Residents of a Bellambi social housing complex took up garden hoses in the early hours of Easter Monday in a bid to save their neighbour's burning home.
The Whitby Mews townhouse was seriously damaged by the blaze, which is now under investigation.
The fire threatened to spread to adjoining homes, which were evacuated as more than 24 firefighters flooded the site.
Resident Wayne Morris was among those who awoke to the fire and tried to stop it spreading to his adjoining townhouse.
"Rob from number six was out there hosing. I just grabbed my hose. I was standing on the fence, aiming it at the fire," he said.
"It was burning over there then eventually it started coming across and the roof started dropping.
"It [the hose water] might have slowed it down a bit, but thank god the fire brigade got here."
Mr Morris and his partner Emma Belgrove were asleep when the fire began.
"I heard what sounded like someone running up and down the stairs next door," Ms Belgrove said. "The other half's gone to have a look and he's come back in and said, 'his house is on fire'."
The damaged property is normally home to a single man aged in his 30s. The Mercury understands the home was unoccupied on Sunday night. No one was injured in the fire.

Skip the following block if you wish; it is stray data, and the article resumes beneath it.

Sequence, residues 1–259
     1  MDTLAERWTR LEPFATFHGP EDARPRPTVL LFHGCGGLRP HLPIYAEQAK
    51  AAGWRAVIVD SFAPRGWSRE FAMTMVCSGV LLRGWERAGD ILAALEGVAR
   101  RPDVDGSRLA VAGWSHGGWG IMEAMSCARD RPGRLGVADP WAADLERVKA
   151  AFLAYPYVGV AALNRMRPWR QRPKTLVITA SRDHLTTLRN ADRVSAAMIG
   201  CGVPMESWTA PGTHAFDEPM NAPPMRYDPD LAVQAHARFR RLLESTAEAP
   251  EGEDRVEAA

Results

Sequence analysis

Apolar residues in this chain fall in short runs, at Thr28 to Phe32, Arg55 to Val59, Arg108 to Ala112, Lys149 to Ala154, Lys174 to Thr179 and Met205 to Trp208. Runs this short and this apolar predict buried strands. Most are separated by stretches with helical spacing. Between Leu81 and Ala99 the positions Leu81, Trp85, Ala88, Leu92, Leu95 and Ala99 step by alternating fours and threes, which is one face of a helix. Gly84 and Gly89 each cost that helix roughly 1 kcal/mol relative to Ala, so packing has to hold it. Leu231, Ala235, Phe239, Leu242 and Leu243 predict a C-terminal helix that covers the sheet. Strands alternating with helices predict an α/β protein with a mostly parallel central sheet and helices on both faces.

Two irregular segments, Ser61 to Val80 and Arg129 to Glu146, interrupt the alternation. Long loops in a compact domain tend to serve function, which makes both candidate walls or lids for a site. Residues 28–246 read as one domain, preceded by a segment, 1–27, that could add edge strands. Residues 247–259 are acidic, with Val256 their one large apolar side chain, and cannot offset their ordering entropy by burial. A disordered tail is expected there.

The same home was recently targeted by vandals, who spraypainted obscenities around the back door. A hammock in the yard was also mysteriously incinerated a night earlier, according to neighbours.
Fire crews arrived just after 1:15am Monday to find smoke and flame coming from the townhouse.
With smoke coming out of the roofs of neighbouring homes, a thermal imaging camera was used to assess the threat before evacuated neighbours were allowed to return to their homes at about 3am.
An accelerant detection dog visited the site later Monday morning.
A spokesman for Fire and Rescue NSW said it was too early to determine the cause of the blaze.
"We'll be working with the police throughout the day to determine the cause of the fire," he said.
With Fire and Rescue NSW crews attending multiple house fires this week, Superintendent Scott Dodson said it was a timely reminder for residents to develop their fire escape plan.
"Now is the time for residents to check they have a working smoke alarm and that all members of the family have an awareness of calling Triple Zero (000) in an emergency" he said.
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